IMPEACHMENT BY THE NATIONAL ASSEMBLY
Section 143 of the 1999 constitution provides the steps for impeaching the President and the Vice President by the National Assembly for ‘gross misconduct’.
Here is a simple summary of the process. First, 1/3 (157) of the entire members of the National Assembly must sign a notice of allegation of “gross misconduct” which must be presented to the Senate President.
Copy of the notice within 7days is to be sent to the President and every member of the National Assembly. Within Another 14days after serving the President, with or without the reply of the President, then the motion to investigate the president must again be passed by 2/3 majority of each chamber of the National Assembly. That is, a motion of the investigation must be moved in the House and the Senate separately. For the motion to pass in the House, 240 members must support it, and 73 senators must also support it.
If the motion should pass in the two chambers, then the Senate President will ask the Chief Justice of the Federation to set up a panel of 7 persons who according to section 143 (5) must be “of unquestionable integrity, not being members of any public service, legislative house or political party.” The CJN will have to decide who passes these qualities.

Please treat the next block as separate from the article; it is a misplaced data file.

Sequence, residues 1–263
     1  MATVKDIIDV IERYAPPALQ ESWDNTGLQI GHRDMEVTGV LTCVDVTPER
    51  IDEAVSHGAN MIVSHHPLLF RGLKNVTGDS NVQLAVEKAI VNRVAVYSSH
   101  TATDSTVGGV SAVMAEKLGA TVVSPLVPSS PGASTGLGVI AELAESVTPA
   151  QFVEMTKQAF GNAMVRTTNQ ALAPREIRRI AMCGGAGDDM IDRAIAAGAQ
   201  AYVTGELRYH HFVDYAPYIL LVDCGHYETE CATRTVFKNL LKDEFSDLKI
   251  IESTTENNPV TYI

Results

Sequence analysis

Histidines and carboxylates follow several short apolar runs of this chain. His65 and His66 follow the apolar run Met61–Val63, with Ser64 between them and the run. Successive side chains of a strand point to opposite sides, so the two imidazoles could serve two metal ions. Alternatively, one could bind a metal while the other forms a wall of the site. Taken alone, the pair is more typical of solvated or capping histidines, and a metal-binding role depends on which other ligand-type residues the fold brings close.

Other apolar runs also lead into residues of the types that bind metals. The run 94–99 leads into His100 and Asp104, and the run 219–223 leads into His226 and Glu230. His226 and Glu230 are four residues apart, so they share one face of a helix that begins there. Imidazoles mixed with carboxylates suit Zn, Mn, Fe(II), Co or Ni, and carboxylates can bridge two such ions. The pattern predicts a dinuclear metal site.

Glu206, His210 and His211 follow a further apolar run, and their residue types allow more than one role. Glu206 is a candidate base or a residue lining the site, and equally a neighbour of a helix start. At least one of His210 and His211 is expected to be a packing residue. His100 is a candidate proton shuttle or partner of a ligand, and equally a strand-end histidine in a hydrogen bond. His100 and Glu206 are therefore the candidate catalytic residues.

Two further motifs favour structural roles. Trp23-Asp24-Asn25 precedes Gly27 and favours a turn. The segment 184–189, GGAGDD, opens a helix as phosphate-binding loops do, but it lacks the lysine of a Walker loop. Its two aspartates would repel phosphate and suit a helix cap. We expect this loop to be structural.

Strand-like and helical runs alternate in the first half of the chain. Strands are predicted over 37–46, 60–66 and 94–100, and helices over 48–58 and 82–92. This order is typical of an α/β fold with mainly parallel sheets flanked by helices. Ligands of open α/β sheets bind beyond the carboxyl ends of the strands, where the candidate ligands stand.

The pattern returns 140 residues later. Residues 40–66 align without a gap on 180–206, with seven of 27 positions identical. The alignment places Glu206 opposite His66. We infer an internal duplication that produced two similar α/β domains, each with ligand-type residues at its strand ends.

The panel will investigate the allegation against the president within 90days and submit its report to each chamber of the National Assembly. If the panel should find the President guilty, then each chamber must within 14days again vote by 2/3 majority to adopt the report. The adoption of the report means the President is hereby impeached.